And Other Stories
August 21, 2018
5.0 X 0.6 X 7.7 inches | 0.45 pounds
Earn by promoting books
Earn money by sharing your favorite books through our Affiliate program.Become an affiliate
About the Author
Born in 1905 to Norwegian parents in Buenos Aires, Norah Lange was a key figure in the Argentinean avant-garde of the early to mid-twentieth century. Though she began her career writing poetry in the ultraísta mode of urban modernism, her first major success came in 1937 with her memoir Notes from Childhood, followed by the companion memoir Before They Die, and the novels People in the Room and The Two Portraits. She contributed to the magazines Proa and Martín Fierro, and was a friend to figures such as Jorge Luis Borges, Pablo Neruda, and Federico García Lorca. From her teenage years, when her family home became the site of many literary gatherings, Norah was a mainstay of the Buenos Aires literary scene, and was famous for the flamboyant speeches she gave at parties in celebration of her fellow writers. She traveled widely alone and with her husband, the poet Oliverio Girondo, always returning to Buenos Aires, where she wrote in the house they shared, and where they continued to host legendary literary gatherings. She died in 1972. Charlotte Whittle has translated works by Silvia Goldman, Jorge Comensal, and Rafael Toriz, among others. Her translations, essays, and reviews have appeared in publications including Mantis, The Literary Review, The Los Angeles Times, Guernica, Electric Literature, BOMB, and the Northwest Review of Books. Originally from England and Utah, she has lived in Mexico, Peru, and Chile, and is now based in New York. She is an editor at Cardboard House Press, a bilingual publisher of Spanish and Latin American poetry.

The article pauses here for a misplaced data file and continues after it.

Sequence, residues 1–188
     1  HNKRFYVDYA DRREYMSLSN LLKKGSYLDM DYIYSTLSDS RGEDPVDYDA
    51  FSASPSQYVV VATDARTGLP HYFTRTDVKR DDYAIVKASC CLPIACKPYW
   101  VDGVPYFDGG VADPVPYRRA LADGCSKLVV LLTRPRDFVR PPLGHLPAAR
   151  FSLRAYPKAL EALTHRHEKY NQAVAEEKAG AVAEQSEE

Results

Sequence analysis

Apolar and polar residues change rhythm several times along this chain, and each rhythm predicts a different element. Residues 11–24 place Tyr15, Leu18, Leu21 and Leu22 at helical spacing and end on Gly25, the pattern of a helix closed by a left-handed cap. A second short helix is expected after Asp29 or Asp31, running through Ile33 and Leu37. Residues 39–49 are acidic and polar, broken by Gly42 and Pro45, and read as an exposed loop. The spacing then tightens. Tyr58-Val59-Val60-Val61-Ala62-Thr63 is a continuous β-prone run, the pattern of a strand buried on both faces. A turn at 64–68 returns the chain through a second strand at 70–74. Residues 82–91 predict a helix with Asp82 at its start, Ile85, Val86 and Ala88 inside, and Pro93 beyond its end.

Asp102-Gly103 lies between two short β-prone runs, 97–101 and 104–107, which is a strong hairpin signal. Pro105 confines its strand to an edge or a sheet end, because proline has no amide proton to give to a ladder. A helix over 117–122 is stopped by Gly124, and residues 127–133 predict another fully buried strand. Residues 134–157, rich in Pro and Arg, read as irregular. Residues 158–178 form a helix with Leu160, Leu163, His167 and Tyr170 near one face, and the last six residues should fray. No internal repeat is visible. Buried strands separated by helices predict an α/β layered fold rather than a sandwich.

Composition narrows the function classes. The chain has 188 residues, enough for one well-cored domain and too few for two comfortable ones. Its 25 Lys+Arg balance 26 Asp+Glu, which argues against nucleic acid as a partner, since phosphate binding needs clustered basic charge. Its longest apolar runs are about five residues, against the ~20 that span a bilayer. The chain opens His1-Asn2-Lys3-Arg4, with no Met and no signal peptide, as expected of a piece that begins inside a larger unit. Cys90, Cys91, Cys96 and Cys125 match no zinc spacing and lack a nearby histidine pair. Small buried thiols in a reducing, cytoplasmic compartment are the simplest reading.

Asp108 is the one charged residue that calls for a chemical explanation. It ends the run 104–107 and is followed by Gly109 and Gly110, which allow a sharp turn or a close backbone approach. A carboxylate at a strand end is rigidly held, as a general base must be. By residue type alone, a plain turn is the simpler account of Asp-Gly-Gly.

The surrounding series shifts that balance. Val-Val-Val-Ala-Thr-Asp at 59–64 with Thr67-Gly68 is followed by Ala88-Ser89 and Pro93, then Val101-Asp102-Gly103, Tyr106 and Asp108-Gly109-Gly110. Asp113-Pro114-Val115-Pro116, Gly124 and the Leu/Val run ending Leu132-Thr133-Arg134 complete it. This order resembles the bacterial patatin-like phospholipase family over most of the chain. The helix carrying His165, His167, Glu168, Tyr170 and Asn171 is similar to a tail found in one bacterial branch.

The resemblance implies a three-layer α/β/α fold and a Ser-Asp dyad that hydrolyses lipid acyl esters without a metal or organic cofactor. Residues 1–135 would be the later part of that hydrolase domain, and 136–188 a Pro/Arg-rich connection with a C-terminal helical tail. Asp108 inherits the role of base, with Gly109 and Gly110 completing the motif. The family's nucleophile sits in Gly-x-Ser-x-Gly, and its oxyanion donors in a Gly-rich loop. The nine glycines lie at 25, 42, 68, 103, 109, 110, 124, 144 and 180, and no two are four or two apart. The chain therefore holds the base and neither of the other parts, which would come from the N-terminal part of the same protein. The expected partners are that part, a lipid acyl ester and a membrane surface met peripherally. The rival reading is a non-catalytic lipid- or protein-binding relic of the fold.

"Deathly scenes from a wax museum come to life, in a closed, feminine world." César Aira "Lange breaks the canon that was suffocating women writers at the beginning of the twentieth century" Delfina Muschietti "Only the dominant machismo of her era meant that Norah Lange was usually noted more for her Norwegian beauty than for her stature as a great writer. In People in the Room, Lange's intensity and clarity are reminiscent of Virginia Woolf's finest moments in Mrs Dalloway." El Cultural